What's the best way to get a parent with Alzheimer's to reduce or eliminate the OTC medications they take?


Her doctor has said she takes far too many "medications". She has only 3 regular scripts - blood pressure, type 2 diabetes and dementia. She takes as many as 40 other pills and spends much of each meal shoving pills in her mouth along with food. She takes perhaps a dozen vitamins, lots of minerals and a few supplements as well as a probiotic. Not only do these additional "medications" cost a lot of money, everything I've read (and the doctor concurs) say that the possible interactions and adverse side effects far outweigh any possible benefits. At her next appointment, the doctor says he's going to go through her entire bag of "medications" and severely simplify what she takes. However, she will blow a fuse when this happens (she's convinced that all these things help her and believes the lady at GNC and elsewhere knows more about vitamins and supplements than doctors do). We will have to go through her cabinets and remove all the extra "medications" (on doctor's instructions) but there's nothing to stop her from ordering more on-line or simply loading her shopping cart when she goes to Wal-mart or GNC. How do we best deal with this challenge??

This question has been closed for answers. Ask a New Question.
Find Care & Housing


Oh, I see. I was thinking she was already in AL. It's great you have a resource on the financial matter. Certainly, there has to be a way to get her somewhere she can be taken care of. Eventually, a doctor can say she is not able to live alone and needs assistance. Will that help?

Your MIL sounds a lot like my cousin. She was difficult to a point, but with the doctor's help, we were able to convince her to go into AL by telling her that she needed physical therapy to help with her mobility, her balance and her strength. And that she would get her medication regulated and good nutrition. She finally agreed to go as long as I kept her cat. She has no memory of any of that now.
Helpful Answer (0)

Thanks Sunnygirl1 - good advice. We are working hard right now to find a facility she can afford. We live in the country and home care is difficult if not impossible to come by. Combine that with the fact that she never was a good housekeeper and with AD, she is a terrible (even dangerous) housekeeper. Even getting help cleaning is hard here. Complicating things further is the fact that she makes about 2/3 of what she needs to live in a good AL community. Making up the difference with her savings would exhaust those savings in 3-4 years. Would the rate of decline in her condition mean that she would need a nursing home (and with things like a Miller Trust potentially qualify for Medicaid). It's a real guessing game and we are doing our research, working with someone who is providing us options and will work with her doctors to have them help with urging her into AL. Taking away her car (even after a potentially serious accident) was tough. Getting her into AL is going to be really tough. She "seems" normal to the outside world (until they spend a little time with her). Professionals spot it right away, but people in church and the stores would simply figure she's just a little "different". We haven't gone through this before so we are learning as we go and this forum looks very helpful. I hope so.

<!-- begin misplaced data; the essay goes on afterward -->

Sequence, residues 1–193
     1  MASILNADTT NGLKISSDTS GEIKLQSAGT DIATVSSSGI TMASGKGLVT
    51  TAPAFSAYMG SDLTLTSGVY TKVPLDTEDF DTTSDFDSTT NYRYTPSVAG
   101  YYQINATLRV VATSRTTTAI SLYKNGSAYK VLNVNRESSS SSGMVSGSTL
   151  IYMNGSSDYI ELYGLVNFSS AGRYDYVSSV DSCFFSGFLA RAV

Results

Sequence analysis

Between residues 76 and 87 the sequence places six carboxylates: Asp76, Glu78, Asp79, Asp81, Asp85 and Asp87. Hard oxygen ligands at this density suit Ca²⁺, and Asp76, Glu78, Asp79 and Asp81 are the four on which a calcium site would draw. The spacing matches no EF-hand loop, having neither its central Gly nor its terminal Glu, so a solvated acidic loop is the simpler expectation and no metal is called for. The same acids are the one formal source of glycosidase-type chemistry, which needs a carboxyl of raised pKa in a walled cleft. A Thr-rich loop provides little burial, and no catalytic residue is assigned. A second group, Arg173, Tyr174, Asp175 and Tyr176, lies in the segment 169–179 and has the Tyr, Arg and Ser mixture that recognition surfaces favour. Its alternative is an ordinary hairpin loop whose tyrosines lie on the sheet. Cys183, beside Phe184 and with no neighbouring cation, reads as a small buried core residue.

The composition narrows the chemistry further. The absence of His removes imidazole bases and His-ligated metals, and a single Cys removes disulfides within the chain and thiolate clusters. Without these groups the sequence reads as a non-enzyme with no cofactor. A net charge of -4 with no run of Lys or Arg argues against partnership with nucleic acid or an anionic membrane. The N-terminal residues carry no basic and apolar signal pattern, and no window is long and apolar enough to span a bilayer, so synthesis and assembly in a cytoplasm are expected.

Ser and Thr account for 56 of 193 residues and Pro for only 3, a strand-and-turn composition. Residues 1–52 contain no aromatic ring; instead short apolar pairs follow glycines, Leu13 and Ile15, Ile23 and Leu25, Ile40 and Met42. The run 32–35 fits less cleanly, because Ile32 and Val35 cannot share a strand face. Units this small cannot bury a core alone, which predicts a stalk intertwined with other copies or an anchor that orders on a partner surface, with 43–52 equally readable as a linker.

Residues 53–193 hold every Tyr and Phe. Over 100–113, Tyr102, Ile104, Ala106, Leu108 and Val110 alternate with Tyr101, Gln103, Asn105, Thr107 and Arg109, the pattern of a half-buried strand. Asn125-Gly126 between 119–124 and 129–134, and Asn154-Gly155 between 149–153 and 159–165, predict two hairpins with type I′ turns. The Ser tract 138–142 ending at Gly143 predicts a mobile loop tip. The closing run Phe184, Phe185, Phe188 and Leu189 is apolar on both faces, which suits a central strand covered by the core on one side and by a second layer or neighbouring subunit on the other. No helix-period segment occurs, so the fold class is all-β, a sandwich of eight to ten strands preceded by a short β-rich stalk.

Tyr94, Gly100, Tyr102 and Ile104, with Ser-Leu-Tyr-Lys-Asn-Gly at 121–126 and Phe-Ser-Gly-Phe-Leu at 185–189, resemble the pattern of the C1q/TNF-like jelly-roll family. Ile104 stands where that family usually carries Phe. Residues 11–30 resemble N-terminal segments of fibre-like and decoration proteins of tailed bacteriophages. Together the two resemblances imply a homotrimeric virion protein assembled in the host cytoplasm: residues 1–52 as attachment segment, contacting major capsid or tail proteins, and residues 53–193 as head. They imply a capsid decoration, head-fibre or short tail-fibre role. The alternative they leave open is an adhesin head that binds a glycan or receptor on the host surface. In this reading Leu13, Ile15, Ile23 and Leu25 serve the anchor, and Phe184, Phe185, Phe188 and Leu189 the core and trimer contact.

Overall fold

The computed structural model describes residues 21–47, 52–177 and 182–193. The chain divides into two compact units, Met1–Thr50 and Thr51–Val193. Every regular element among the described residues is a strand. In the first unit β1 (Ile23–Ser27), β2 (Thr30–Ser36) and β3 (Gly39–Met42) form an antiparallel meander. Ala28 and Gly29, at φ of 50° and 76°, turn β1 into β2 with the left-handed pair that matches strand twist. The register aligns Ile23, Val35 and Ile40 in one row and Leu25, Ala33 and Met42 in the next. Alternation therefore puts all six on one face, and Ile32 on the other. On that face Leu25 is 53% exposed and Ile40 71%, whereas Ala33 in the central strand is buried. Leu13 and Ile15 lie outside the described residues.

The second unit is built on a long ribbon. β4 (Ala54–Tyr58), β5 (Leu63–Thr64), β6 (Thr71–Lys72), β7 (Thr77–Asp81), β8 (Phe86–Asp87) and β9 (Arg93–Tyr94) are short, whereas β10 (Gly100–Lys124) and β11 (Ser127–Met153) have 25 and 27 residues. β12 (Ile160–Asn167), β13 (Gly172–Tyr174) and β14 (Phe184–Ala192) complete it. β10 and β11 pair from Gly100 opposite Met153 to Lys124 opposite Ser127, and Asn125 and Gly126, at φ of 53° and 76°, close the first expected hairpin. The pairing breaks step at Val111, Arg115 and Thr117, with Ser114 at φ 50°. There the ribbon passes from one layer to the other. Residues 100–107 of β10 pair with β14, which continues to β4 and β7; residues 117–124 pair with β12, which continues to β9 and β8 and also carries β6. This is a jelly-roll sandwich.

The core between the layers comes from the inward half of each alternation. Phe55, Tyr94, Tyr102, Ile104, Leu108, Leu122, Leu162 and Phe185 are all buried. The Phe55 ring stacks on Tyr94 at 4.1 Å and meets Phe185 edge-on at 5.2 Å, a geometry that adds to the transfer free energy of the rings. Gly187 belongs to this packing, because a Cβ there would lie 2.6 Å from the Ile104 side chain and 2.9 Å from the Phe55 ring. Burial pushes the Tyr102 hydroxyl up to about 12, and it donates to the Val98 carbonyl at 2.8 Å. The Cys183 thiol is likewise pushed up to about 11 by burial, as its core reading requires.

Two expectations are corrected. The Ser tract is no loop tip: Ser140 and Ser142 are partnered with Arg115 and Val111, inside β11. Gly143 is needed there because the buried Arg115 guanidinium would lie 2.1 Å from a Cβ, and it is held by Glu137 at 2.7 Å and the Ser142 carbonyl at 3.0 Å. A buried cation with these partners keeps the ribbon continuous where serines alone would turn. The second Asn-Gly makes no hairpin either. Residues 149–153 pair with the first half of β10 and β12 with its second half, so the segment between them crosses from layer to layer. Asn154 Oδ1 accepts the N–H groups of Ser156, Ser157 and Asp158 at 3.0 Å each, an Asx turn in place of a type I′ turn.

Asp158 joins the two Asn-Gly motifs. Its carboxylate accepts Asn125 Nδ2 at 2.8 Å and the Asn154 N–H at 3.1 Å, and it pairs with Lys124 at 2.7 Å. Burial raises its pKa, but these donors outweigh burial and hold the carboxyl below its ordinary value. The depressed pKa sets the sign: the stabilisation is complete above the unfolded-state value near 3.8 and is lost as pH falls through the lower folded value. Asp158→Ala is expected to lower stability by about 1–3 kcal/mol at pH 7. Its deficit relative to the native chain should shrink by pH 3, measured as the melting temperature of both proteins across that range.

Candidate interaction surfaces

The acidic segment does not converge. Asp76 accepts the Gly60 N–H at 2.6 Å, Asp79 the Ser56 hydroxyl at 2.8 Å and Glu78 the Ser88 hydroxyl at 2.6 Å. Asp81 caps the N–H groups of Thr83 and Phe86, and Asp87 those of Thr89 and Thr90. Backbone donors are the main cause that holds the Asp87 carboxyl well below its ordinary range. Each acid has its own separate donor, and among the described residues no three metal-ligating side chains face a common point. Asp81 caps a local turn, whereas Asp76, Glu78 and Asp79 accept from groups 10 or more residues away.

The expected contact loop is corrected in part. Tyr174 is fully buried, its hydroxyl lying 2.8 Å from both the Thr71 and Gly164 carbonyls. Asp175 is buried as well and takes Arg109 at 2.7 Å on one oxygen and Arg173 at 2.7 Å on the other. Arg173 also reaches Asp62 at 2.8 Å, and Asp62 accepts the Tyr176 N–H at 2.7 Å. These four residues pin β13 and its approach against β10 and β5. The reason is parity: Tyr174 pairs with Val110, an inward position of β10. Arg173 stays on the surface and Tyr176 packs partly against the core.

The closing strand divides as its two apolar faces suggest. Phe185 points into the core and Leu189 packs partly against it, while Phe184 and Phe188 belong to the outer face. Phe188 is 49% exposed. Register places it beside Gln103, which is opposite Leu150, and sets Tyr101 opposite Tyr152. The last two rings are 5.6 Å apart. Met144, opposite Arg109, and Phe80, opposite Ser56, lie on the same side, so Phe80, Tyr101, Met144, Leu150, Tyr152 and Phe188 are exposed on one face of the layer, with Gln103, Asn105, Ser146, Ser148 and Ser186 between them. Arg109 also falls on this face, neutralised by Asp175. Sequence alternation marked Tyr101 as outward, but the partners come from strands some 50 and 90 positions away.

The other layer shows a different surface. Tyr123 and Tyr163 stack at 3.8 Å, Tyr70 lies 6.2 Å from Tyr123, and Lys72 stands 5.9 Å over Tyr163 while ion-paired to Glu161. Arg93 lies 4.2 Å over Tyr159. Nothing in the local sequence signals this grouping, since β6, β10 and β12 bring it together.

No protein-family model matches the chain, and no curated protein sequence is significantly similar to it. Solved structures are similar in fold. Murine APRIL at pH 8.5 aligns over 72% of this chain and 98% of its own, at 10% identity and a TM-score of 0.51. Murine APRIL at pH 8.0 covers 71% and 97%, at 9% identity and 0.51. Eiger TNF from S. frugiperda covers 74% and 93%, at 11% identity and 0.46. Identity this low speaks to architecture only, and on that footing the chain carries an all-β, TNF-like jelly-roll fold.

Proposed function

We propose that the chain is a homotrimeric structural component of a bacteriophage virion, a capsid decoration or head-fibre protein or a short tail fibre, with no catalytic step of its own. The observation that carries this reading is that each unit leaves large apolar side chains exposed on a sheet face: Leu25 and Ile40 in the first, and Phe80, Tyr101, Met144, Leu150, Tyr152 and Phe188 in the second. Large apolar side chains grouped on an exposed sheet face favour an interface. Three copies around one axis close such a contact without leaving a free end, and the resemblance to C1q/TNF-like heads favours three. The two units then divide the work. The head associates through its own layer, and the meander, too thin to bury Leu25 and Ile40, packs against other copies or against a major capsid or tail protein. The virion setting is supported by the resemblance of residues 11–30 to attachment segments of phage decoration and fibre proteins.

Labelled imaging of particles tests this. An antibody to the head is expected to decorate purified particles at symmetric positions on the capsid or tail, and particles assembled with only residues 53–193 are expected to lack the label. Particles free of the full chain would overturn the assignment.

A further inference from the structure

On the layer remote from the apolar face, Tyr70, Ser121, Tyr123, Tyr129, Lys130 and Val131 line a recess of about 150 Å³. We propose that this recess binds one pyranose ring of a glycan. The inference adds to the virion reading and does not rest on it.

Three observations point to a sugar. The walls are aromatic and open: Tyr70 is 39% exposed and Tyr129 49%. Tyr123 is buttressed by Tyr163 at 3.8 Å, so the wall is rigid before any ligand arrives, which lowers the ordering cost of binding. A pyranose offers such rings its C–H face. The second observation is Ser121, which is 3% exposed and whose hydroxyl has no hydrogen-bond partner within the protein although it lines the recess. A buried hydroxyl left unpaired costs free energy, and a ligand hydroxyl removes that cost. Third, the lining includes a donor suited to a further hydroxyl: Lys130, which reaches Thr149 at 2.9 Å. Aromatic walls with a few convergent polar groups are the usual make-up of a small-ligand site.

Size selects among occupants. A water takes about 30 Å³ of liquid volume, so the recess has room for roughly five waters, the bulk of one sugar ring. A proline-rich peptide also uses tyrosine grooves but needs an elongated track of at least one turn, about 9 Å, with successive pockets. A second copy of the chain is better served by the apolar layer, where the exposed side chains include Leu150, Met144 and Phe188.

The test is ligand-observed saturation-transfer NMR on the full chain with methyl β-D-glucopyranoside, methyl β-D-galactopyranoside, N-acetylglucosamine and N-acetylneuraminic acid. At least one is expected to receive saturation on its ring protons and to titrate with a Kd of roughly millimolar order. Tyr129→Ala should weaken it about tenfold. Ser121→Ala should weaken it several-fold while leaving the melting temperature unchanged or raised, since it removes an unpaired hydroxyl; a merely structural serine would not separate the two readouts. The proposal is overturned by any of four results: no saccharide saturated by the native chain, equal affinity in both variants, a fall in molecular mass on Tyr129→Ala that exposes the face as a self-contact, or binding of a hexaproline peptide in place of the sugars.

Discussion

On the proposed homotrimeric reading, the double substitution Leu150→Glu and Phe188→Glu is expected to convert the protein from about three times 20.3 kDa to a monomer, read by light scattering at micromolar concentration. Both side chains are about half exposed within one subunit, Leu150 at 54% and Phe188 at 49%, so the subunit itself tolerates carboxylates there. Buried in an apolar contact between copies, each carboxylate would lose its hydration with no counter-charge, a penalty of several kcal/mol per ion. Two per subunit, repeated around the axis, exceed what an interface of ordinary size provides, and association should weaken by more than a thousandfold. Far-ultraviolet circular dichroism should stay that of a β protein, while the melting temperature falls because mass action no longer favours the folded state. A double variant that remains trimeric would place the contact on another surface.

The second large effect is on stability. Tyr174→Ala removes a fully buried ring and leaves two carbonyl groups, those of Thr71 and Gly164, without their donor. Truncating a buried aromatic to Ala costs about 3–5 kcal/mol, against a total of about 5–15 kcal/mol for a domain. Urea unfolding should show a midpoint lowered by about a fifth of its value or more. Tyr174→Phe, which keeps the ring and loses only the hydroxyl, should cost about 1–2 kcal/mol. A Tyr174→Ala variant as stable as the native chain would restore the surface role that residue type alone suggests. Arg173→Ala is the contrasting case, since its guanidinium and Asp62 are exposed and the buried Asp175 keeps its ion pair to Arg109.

Helpful Answer (0)

Due to her level of dementia, I think I would have her assessed to see if she is able to continue living in her current situation. Dementia patients often become unable to manage things like medication administration. It's dangerous. Not only could she take meds that jeopardize her health, but she could misdose her prescription meds. Setting up ways to have dementia patients take their meds correctly is very risky and not very successful from what I have seen. They ignore notes and forget to look at reminders. They are also prone to ignore medication instructions.

Since her safety is definitely in jeopardy, I would proceed with taking away her ability to order meds on line and go out and purchase them. Do you have POA? She may not be responsible enough to handle credit cards.

I might get rid of the existing medications that are not prescribed. Still, that doesn't remedy her mistaking her regular meds. I would explore where she could move to that will administer her prescription meds or if a private company can come to her and provide that service. Maybe others here have experience with that. It involves them coming to her an giving her her meds on a daily basis. Does the AL she in offer that service?

In NC, every AL facility that I know of has that service.

Talking, begging, explaining rarely do any good with dementia patients. They simply can't reason anymore. Their brains don't allow them to use good judgment, so she can't be relied upon to change her ways.
Helpful Answer (1)

This may sound flaky but on an episode of "Dr. G. Medical Examiner" she had a case about a woman who was taking up to 40 supplements a day. At first the woman began losing her hair, then her personality changed. She began to complain about heart palpitations and not being able to sleep and eventually she passed away. Dr. G. determined that it was because of all of the supplements she was taking. You can probably look this up on YouTube.

I don't know how you can keep your mom from ordering more supplements or buying them when she's out shopping but maybe you can convince her that taking that many over the counter medications is very, very dangerous.
Helpful Answer (0)

This question has been closed for answers. Ask a New Question.